LGBT Activists Are Taking Aim at Christianity Itself

Last month, a group of 33 current and former students at federally-funded Christian colleges and universities launched a historic assault on religious freedom. They sued the Department of Education (DoE) under President Joe Biden, demanding that the DoE drop the religious exemption to Title IX. This move would force LGBT orthodoxy on Christian colleges, but it also attacks a central evangelical Christian teaching.

“The law does not recognize ‘love the sinner, hate the sin,’” the students wrote in the lawsuit.

While the phrase “love the sinner, hate the sin” does not appear in the Old or New Testaments, it follows logically from the Bible and it forms an essential part of evangelical Christian ethics. Since “all have sinned and fall short of the glory of God” (Romans 3:23), God sent His Son, Jesus Christ, to redeem humanity. All Christians are redeemed sinners. While Jesus asks His disciples to preach the gospel and “make disciples of all nations” (Matthew 28:18-20), that does not mean Christians are morally superior to non-Christians.

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Of course, as Christians make attempts to follow Jesus, with the help of the Holy Spirit, they will improve morally. But that does not give Christians license to look down on non-Christians. We are saved only by the grace of God.

In fact, Jesus commands His disciples to love and to pray for their enemies, whatever their moral state (Matthew 5:43-47). He also commands that we sin no more, and teach others to stop sinning. Christians must love others without condoning their sinful actions.

Therefore, “love the sinner, hate the sin” is a natural application of the gospel in the moral lives of Christians.

Yet the lawsuit takes direct aim at this moral framework, and its argument on this issue is central to the legal claim.

“The law does not recognize an identity/conduct distinction. The law does not recognize ‘love the sinner, hate the sin.’ Policies and laws targeting ‘homosexual conduct’ or ‘transgender conduct’ in fact target LGBTQ+ identity,” the lawsuit claims.

Christian colleges and universities often use the “love the sinner, hate the sin” distinction to explain that they are open to students with LGBT identities even though they ask their students to sign a code of conduct barring homosexual activity (and heterosexual activity outside of marriage).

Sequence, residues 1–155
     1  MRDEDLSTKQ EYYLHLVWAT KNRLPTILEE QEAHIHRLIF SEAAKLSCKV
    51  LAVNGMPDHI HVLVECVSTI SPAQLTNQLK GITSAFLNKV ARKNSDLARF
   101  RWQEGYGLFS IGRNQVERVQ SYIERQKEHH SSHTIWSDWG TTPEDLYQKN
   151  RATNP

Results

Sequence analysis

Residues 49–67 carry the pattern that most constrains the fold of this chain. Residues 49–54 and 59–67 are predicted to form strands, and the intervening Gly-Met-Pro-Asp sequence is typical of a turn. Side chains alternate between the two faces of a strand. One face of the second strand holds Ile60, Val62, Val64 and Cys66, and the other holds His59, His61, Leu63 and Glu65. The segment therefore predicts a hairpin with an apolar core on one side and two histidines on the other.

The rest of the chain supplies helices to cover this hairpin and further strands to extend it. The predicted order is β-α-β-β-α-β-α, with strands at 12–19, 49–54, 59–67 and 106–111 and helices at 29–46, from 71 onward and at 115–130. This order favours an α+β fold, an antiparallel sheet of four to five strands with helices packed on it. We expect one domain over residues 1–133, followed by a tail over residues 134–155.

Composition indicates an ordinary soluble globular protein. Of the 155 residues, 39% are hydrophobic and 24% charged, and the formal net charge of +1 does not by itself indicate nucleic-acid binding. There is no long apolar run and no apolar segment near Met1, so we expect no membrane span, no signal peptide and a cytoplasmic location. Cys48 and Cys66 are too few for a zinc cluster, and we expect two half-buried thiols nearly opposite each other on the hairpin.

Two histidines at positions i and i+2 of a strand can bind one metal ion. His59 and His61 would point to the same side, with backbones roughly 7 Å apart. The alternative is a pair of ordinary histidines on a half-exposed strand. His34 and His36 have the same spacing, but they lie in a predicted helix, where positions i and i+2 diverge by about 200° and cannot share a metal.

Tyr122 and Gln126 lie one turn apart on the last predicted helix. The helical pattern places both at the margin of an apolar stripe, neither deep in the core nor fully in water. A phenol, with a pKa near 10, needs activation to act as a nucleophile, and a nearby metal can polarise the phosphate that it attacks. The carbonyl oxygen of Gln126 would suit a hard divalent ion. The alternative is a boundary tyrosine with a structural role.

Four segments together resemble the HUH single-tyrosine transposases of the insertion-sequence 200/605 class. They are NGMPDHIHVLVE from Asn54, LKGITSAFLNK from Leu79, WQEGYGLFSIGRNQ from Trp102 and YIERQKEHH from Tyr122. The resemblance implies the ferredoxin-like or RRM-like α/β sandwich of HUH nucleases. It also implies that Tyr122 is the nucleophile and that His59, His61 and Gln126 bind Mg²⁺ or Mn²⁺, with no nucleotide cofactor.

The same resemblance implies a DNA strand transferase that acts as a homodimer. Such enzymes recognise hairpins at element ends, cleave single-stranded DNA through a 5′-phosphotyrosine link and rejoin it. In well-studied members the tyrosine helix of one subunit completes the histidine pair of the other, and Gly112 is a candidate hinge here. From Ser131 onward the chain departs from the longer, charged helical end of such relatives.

It is not sinful to experience same-sex attraction or gender dysphoria (the condition of persistently identifying with the gender opposite a person’s biological sex), but acting on those impulses is sinful. To some degree, a condition/conduct distinction is essential to Christian teaching. The difficulty comes when sexual orientation or gender identity become enshrined as protected statuses and essential identity markers, thus blurring the distinction between impulses and conduct.

Christianity teaches that all identities are secondary to a Christian’s identity as a sinner redeemed by Jesus Christ. This world is not our home, and our ultimate hope is in God, not in fulfillment here on earth. That does not mean we are not male or female, American or Peruvian, Coloradan or Virginian, et cetera. It just means that all lesser identities must yield the key identity at the heart of our being and future.

It is not easy to maintain that kind of perspective, and Christians should be humble about our own failures. But it makes sense for Christian institutions to require students and faculty to follow biblical morality, as that is essential for them to achieve their purposes as Christian colleges and universities.

Christians cannot celebrate sin, and it is difficult to celebrate identities based around sinful dispositions without betraying the Bible’s moral demands. Christians should love and respect people who suffer with same-sex attraction and gender dysphoria, but celebrating LGBT identities crosses an important line.

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Ultimately, LGBT orthodoxy is at odds with biblical Christianity. There is no escaping it. Christian colleges and universities should have the religious freedom to operate according to their beliefs, and prospective students should make decisions accordingly. If students choose to attend a Christian college with a code of conduct that applies biblical morality, they should not be surprised when the college refuses to kowtow to their sexual identities.

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